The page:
An automatic transmission has an optimal working temperature of between 160°F and 200°F (71°C to 93°C). Anything approaching 300°F (150°C) or higher means imminent failure.
The cooler (in the radiator) keeps the transmission fluid (ATF) cool. That is, within this range. Transmission cooler lines transport the fluid to and from it.
You won’t even think about your transmission cooling lines when everything’s working as it should. But if a leak develops, it won’t be long before things start to go wrong.
This guide is to help you understand transmission lines and what to do if they’re leaking.
- Transmission cooler lines leak due to wear, damage, or improper installation.
- Get new lines fitted at a trusted local shop.
- New transmission cooling lines might cost between $250 and $350, including labor.
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What Are Transmission Cooler Lines?
Transmission cooler lines, also referred to as ‘transmission cooling lines’ or just ‘transmission lines’, are precisely what they sound like.
They carry the transmission fluid through a cooler. Stock models are installed as part of the vehicle’s radiator.
Passing through the narrow channels and past the aluminum fins, the fluid cools. The flow then returns to the transmission housing and resumes its job.
The transmission cooler lines flow from the transmission housing to the radiator. The outbound and return pipes typically run next to each other underneath the car’s body.
They could be made of anything but usually come under one of the following categories:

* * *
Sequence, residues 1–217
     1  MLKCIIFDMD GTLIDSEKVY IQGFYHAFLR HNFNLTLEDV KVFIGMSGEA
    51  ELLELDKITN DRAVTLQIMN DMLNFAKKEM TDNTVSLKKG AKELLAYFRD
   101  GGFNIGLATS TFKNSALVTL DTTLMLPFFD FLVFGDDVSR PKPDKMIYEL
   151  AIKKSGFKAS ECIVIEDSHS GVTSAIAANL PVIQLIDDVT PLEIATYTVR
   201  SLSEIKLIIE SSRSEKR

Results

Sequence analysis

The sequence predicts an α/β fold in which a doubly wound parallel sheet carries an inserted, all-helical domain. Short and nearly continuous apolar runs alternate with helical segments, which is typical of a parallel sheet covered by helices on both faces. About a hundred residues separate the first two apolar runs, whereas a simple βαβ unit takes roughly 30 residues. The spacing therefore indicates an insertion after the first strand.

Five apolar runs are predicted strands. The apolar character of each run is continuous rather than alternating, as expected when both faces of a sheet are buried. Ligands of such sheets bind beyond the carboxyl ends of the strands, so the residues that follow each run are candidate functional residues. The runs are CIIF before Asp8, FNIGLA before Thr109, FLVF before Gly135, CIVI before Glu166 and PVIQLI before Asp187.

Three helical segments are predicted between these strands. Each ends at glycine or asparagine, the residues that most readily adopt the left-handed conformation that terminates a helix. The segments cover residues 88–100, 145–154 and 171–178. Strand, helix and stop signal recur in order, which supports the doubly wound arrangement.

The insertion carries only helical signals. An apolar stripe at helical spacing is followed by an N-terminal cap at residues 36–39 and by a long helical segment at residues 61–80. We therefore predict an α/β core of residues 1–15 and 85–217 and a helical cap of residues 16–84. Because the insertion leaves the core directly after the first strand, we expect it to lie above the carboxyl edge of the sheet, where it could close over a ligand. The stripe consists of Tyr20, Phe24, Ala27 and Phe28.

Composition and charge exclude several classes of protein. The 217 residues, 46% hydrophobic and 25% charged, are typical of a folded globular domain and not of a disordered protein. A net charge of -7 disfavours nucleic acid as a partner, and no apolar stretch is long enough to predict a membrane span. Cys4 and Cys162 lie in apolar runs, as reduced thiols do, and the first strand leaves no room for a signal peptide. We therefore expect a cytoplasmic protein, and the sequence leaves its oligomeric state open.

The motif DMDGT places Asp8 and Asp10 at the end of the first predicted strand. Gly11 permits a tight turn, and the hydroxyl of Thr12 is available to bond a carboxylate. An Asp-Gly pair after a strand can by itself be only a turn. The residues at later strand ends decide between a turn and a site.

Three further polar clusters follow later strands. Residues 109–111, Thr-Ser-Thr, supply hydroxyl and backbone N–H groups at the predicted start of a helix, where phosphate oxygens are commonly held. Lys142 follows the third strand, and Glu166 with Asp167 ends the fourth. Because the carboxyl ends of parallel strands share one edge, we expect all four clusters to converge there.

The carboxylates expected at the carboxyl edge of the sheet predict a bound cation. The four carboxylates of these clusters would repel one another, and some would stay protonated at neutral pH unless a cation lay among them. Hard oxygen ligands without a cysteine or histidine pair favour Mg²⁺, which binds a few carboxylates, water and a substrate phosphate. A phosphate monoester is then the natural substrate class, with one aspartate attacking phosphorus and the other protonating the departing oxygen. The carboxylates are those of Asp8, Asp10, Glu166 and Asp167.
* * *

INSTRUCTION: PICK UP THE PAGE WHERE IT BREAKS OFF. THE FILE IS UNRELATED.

- Braided steel
- Braided nylon
Why Do Cars Have Transmission Cooler Lines?
The automatic transmission is one of the most complex parts on a car to deal with. It has numerous parts, all fitting together and relying on each other.
One of the main reasons for this complexity is the transmission’s position. Placed between the engine and the wheels, its job is to convert the engine speed into an efficient amount of torque.
This involves constantly-changing strains and pressures. Transmission fluid lubricates everything, but what happens when it gets too hot itself? It’ll start to burn and lead to extreme, dangerous internal temperatures.
That’s where the transmission cooler (in the radiator) comes into play. The transmission cooler lines take the ATF from the transmission to the cooler and back.
Aftermarket Transmission Cooler Lines
On some cars, you’ll find additional or aftermarket transmission coolers. These provide an extra bit of cooling power when you need it. The most common example is when towing.
Some brand-new vehicles might come with an extra transmission cooler if you opt for an off-roading or towing package. You also sometimes find them on used cars.
Aftermarket transmission coolers are usually installed next to the radiator or condenser. They could be before or after the circuit’s stock cooler (radiator).